Larry Sabato has written two pieces at Real Clear Politics handicapping the 2008 presidential race. The first previews the Republicans; the second previews the Democrats. Sabato seems to accept the conventional wisdom that John McCain and Hillary Clinton are the frontrunners. Tucked behind them are a pair of Virginians, George Allen and Mark Warner.
Sabato imples that Clinton may be the less secure of the two frontrunners. As I read his pieces, it comes down to electability. McCain, as a centrist, is more electable than Clinton (with all of her baggage) and hence better situated to win the nomination.
In general, I think electability is overrated as a factor in determining nominees. Otherwise, the Republicans would have nominated McCain in 2000, and the Dems might well have nominated Bill Bradley. In 2004, electability may well have been a factor in the demise of Howard Dean, but one would be hard-pressed to show that John Kerry was the Dems must electable candidate.
Presidential nominations are determined by rank-and-file party voters, not by pundits and certainly not by bloggers. Hillary Clinton, I believe, is quite popular among the Democratic rank-and-file. Mark Warner is essentially unknown among that group. This gives him the opportunity to define himself, but his options aren’t that great. If he defines himself as a moderate pragmatist southern governor, there’s no reason to think he’ll excite the rank-and-file. If he defines himself as an anti-war candidate to the left of Hillary Clinton (Howard Dean lite), he may excite the base, but probably loses any “electability” edge.
It’s possible that by 2008, the war and the president will be so unpopular that a strident anti-war critic will reasonably be viewed as electable. If that happens, Hillary Clinton will be running as a strident anti-war critic. The fact that it took her a while to get there isn’t likely to hurt her much with the rank-and-file. John Kerry was slower off the same mark than Howard Dean in 2004, and it didn’t matter because Democratic voters knew he was a leftist at heart. Democratic voters believe the same about Hillary.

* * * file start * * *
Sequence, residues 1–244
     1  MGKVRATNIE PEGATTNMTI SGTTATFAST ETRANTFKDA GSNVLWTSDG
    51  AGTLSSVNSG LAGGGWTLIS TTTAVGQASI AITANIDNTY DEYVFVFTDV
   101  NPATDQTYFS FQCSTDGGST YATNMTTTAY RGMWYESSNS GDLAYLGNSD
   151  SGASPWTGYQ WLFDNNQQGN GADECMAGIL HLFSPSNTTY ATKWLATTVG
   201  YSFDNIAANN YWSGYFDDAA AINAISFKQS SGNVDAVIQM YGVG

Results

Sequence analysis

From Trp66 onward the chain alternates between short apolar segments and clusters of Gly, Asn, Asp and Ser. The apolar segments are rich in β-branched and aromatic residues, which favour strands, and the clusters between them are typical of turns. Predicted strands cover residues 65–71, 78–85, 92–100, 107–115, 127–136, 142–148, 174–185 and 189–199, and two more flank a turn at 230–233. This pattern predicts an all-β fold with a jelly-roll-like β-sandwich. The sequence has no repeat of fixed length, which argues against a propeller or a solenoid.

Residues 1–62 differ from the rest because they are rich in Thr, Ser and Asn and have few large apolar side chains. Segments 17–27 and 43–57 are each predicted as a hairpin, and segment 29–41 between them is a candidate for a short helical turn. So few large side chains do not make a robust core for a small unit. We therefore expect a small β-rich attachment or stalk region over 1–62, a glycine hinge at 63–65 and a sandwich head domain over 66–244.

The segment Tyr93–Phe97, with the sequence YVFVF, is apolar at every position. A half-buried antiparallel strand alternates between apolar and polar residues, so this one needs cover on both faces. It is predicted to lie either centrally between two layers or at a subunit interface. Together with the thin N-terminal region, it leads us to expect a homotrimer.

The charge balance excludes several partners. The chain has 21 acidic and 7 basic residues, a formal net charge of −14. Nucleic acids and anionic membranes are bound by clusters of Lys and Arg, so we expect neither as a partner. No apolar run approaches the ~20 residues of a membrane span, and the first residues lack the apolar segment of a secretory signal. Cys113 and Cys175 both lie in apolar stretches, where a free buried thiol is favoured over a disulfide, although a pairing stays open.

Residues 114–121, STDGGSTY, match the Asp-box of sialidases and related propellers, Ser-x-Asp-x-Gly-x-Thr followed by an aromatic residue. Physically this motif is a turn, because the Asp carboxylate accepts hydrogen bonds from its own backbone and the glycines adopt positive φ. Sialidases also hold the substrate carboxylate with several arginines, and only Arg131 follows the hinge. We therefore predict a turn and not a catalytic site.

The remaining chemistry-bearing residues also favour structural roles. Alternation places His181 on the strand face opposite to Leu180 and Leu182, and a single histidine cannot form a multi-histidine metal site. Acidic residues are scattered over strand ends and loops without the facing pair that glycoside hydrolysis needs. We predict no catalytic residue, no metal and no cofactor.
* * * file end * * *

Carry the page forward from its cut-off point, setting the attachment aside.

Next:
JOHN adds: More likely, by 2008 the war (in Iraq, that is) will be essentially over, and thus a non-factor. It’s way too early to know what issues might emerge by 2008–e.g., war with Iran–but if Iraq is over and there are no more terrorist attacks, the focus of the 2008 election will likely be domestic. For what it’s worth, that would hurt McCain. His strength is national security, and his opposition to tax cuts would hurt him badly with the base if that is the focus of the race.
PAUL adds: Great points. The key moments in the nomination process will occur just about two years from now. I expect that we’ll still have a substantial military presence in Iraq at that time, but it’s quite possible that the war will correctly be seen as winding down, and have been replaced as a top-tier issue by other concerns.
Meanwhile Ankle Biting Pundits considers whether McCain is gaining traction among rank-and-file conservatives. It’s important to remember that McCain did well in the early primaries in 2000, when he was running against a well-financed front-runner around whom the party establishment had coalesced.
JOHN adds one more: Dafydd ab Hugh assesses McCain’s chances in considerable detail, and finds them wanting. Dafydd makes one point that seems important to me, but is insufficiently commented on: McCain’s age. If McCain were the nominee in 2008, he would be the second-oldest first term nominee in history. The oldest? Bob Dole.
This, by the way, is also a problem for Hillary; unlike McCain, she apparently has chosen to deal with it through plastic surgery.
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